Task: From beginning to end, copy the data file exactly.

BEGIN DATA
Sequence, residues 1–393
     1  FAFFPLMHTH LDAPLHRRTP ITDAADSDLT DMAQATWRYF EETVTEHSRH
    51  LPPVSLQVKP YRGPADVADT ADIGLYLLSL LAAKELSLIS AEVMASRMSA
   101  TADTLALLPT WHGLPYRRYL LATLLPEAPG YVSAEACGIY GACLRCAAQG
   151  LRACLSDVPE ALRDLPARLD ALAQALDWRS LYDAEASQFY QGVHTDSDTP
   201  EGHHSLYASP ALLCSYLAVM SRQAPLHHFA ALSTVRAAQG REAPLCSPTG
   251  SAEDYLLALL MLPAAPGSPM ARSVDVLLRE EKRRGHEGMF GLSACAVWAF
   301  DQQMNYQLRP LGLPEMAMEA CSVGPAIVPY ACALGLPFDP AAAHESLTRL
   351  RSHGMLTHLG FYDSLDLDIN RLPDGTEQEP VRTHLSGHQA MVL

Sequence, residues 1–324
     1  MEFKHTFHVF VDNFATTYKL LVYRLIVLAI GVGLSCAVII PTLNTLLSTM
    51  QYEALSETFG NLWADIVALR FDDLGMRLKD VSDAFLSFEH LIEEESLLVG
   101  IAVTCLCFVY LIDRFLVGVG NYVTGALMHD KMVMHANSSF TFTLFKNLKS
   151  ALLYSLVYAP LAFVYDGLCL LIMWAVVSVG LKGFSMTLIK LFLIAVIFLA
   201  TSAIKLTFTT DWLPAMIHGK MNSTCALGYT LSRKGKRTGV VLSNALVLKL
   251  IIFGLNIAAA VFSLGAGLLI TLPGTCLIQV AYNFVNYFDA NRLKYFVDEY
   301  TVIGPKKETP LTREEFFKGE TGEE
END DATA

Sequence, residues 1–393
     1  FAFFPLMHTH LDAPLHRRTP ITDAADSDLT DMAQATWRYF EETVTEHSRH
    51  LPPVSLQVKP YRGPADVADT ADIGLYLLSL LAAKELSLIS AEVMASRMSA
   101  TADTLALLPT WHGLPYRRYL LATLLPEAPG YVSAEACGIY GACLRCAAQG
   151  LRACLSDVPE ALRDLPARLD ALAQALDWRS LYDAEASQFY QGVHTDSDTP
   201  EGHHSLYASP ALLCSYLAVM SRQAPLHHFA ALSTVRAAQG REAPLCSPTG
   251  SAEDYLLALL MLPAAPGSPM ARSVDVLLRE EKRRGHEGMF GLSACAVWAF
   301  DQQMNYQLRP LGLPEMAMEA CSVGPAIVPY ACALGLPFDP AAAHESLTRL
   351  RSHGMLTHLG FYDSLDLDIN RLPDGTEQEP VRTHLSGHQA MVL

Sequence, residues 1–324
     1  MEFKHTFHVF VDNFATTYKL LVYRLIVLAI GVGLSCAVII PTLNTLLSTM
    51  QYEALSETFG NLWADIVALR FDDLGMRLKD VSDAFLSFEH LIEEESLLVG
   101  IAVTCLCFVY LIDRFLVGVG NYVTGALMHD KMVMHANSSF TFTLFKNLKS
   151  ALLYSLVYAP LAFVYDGLCL LIMWAVVSVG LKGFSMTLIK LFLIAVIFLA
   201  TSAIKLTFTT DWLPAMIHGK MNSTCALGYT LSRKGKRTGV VLSNALVLKL
   251  IIFGLNIAAA VFSLGAGLLI TLPGTCLIQV AYNFVNYFDA NRLKYFVDEY
   301  TVIGPKKETP LTREEFFKGE TGEE